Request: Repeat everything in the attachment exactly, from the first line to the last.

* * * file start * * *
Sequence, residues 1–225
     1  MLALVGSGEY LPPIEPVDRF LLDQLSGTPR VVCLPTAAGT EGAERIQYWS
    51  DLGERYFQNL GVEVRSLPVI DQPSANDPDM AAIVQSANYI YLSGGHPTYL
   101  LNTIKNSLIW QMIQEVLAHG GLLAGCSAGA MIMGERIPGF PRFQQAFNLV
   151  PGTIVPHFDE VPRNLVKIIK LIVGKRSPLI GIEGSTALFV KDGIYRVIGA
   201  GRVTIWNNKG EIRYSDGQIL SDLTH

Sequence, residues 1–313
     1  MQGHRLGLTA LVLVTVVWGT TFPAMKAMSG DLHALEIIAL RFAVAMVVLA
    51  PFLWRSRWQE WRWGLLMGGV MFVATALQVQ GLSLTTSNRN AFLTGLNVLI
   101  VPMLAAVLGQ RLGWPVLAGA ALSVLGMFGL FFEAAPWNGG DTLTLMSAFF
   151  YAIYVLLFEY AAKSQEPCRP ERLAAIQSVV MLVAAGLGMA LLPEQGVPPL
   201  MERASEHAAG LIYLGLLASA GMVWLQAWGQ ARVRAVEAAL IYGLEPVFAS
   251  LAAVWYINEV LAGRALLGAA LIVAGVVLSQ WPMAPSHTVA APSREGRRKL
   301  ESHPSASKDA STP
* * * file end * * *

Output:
Sequence, residues 1–225
     1  MLALVGSGEY LPPIEPVDRF LLDQLSGTPR VVCLPTAAGT EGAERIQYWS
    51  DLGERYFQNL GVEVRSLPVI DQPSANDPDM AAIVQSANYI YLSGGHPTYL
   101  LNTIKNSLIW QMIQEVLAHG GLLAGCSAGA MIMGERIPGF PRFQQAFNLV
   151  PGTIVPHFDE VPRNLVKIIK LIVGKRSPLI GIEGSTALFV KDGIYRVIGA
   201  GRVTIWNNKG EIRYSDGQIL SDLTH

Sequence, residues 1–313
     1  MQGHRLGLTA LVLVTVVWGT TFPAMKAMSG DLHALEIIAL RFAVAMVVLA
    51  PFLWRSRWQE WRWGLLMGGV MFVATALQVQ GLSLTTSNRN AFLTGLNVLI
   101  VPMLAAVLGQ RLGWPVLAGA ALSVLGMFGL FFEAAPWNGG DTLTLMSAFF
   151  YAIYVLLFEY AAKSQEPCRP ERLAAIQSVV MLVAAGLGMA LLPEQGVPPL
   201  MERASEHAAG LIYLGLLASA GMVWLQAWGQ ARVRAVEAAL IYGLEPVFAS
   251  LAAVWYINEV LAGRALLGAA LIVAGVVLSQ WPMAPSHTVA APSREGRRKL
   301  ESHPSASKDA STP